Thursday, May 17, 2018

Environmental Writing 2018


Ramapo College, April 2018
(photo/Jan Barry)

The world as classroom. That’s ever more so these days as global climate change raises crucial questions around the world and in our own lives.  A wide variety of global and backyard environmental issues, from farming in the Garden State to world sustainability, caught the attention of 14 student-journalists in the Spring 2018 Environmental Writing course at Ramapo College. The cross-curriculum class drew a lively mixture of juniors and seniors majoring in environmental studies, science, communications and literature.



Ramapo College environmental studies students speak at Ramapo River
Watershed Conference, April 2018  (photo/Geoff Welch)

The class was honored to host a distinguished visiting professor—Thilmeeza Hussain, who teaches World Sustainability at Ramapo College; she is a former deputy ambassador of the Maldives to the United Nations and a 2018 Aspen Institute New Voices fellow—and a number of distinguished speakers. These included Ramapo River Watershed Keeper Geoff Welch, Secaucus Environmental Director Amanda Nesheiwat, Alexa Marques of Teaneck Creek Conservancy, Elliott Ruga of the NJ Highlands Coalition, Josef Corso of USDA Natural Resources Conservation Service, and Ramapo College Environmental Studies Professors Chuck Stead, Howard Horowitz and Harriet Shugarman.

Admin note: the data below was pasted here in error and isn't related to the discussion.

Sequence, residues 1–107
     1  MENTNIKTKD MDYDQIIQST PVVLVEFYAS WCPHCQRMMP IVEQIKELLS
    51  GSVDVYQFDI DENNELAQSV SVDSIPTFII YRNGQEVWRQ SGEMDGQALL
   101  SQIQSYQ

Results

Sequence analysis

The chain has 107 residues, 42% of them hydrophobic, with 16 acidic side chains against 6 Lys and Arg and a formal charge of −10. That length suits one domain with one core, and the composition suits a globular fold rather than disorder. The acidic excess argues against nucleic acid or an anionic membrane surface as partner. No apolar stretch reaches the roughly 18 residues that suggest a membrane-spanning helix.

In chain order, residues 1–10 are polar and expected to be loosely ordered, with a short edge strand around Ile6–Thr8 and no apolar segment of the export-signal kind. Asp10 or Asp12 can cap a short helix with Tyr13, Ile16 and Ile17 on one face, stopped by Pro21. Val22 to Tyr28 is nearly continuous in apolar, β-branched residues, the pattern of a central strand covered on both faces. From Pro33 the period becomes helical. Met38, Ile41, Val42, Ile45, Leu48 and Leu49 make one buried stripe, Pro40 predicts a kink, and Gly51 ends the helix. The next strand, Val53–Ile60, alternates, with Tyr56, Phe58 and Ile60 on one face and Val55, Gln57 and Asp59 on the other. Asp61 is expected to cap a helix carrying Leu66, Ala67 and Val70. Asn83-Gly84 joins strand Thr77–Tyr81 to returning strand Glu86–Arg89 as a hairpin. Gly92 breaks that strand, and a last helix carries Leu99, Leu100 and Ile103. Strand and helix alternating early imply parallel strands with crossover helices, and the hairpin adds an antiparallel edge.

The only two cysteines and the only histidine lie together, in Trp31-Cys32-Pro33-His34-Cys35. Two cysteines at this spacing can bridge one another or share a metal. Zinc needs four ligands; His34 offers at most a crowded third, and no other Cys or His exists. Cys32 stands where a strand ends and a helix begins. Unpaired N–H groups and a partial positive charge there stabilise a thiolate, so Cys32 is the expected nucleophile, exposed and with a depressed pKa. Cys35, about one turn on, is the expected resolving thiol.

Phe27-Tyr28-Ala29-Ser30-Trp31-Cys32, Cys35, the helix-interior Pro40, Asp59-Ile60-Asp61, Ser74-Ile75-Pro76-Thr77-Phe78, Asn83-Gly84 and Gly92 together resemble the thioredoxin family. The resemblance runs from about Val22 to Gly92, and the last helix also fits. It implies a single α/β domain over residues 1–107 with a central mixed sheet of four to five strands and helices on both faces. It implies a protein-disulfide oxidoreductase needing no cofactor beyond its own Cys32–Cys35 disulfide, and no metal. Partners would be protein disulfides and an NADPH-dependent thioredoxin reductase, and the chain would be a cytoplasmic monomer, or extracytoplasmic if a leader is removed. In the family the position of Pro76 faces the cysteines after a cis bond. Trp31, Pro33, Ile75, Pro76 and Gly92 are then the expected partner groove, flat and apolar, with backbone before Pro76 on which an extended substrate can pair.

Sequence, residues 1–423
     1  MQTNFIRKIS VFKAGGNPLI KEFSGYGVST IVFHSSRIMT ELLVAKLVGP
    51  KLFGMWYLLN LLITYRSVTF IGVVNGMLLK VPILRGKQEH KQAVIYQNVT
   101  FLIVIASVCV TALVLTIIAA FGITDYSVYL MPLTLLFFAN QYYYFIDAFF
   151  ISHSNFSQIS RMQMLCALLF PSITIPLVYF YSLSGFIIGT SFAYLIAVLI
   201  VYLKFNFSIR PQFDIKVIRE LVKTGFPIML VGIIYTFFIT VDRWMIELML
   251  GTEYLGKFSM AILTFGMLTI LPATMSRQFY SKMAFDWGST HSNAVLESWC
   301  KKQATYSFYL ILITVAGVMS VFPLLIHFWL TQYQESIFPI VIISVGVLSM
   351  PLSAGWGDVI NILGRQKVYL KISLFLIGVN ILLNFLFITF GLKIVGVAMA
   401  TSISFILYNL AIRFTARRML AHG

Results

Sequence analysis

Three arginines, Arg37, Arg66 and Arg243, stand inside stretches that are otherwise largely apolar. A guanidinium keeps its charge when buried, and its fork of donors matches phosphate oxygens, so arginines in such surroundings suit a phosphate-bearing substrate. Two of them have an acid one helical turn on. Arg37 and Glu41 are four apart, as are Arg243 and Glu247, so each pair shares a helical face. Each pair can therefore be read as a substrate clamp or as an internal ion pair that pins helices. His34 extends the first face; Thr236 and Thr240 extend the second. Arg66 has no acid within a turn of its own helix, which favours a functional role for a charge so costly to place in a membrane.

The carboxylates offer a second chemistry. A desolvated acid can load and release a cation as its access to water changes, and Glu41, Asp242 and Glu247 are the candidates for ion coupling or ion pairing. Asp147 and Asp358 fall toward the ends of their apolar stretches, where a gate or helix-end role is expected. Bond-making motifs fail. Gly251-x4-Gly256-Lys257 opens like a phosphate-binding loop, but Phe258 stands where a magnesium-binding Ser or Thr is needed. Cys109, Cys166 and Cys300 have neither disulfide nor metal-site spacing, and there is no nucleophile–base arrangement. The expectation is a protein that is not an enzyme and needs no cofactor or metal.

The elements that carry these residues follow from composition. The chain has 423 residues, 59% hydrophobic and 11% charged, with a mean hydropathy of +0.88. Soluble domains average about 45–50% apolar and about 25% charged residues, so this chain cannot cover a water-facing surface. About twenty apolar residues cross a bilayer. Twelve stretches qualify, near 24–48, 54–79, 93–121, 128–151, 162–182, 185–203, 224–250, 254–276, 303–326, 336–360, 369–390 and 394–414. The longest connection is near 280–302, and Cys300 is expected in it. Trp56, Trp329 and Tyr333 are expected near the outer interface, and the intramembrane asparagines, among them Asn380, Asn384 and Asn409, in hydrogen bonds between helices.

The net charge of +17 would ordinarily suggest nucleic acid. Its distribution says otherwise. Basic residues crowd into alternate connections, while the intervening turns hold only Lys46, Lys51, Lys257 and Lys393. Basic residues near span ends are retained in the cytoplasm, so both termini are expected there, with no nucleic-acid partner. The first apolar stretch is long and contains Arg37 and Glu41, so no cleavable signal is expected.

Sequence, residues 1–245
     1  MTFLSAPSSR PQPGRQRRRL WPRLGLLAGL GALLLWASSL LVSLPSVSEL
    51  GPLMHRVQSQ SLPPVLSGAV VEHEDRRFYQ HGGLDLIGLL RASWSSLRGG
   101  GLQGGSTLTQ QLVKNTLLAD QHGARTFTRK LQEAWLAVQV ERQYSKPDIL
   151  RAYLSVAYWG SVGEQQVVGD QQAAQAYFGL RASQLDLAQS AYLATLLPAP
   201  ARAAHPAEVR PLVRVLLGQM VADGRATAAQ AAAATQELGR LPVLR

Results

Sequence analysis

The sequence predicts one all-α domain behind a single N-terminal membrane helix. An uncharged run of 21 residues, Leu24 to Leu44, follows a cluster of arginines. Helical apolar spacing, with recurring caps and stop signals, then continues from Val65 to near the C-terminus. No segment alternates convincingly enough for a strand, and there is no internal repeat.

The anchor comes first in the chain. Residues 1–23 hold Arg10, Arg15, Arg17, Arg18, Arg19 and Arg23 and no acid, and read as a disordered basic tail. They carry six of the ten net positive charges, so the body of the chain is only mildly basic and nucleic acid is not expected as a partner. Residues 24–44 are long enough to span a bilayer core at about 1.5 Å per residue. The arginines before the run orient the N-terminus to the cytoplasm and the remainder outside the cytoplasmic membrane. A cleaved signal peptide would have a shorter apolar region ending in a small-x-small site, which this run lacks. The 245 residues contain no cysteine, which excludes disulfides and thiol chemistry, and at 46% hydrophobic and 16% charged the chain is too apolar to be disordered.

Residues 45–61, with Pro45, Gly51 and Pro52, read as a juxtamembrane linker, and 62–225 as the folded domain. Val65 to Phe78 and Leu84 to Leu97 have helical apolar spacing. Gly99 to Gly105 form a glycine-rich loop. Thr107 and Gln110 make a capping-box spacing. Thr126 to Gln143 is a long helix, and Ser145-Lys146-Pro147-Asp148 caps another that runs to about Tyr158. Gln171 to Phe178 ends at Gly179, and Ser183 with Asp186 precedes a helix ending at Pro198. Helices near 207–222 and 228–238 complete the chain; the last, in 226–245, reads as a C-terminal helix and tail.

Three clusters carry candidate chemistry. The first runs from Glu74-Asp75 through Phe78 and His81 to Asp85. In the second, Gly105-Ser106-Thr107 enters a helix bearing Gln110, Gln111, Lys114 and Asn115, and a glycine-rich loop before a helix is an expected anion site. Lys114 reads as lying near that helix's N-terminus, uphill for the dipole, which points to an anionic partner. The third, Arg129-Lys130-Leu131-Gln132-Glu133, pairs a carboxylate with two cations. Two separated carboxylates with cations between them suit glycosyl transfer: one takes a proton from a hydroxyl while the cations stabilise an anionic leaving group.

Elsewhere in Bergen County: Bald eagles' home in Ridgefield Park
  endangered by mall construction behind riverside grove of trees, April 2018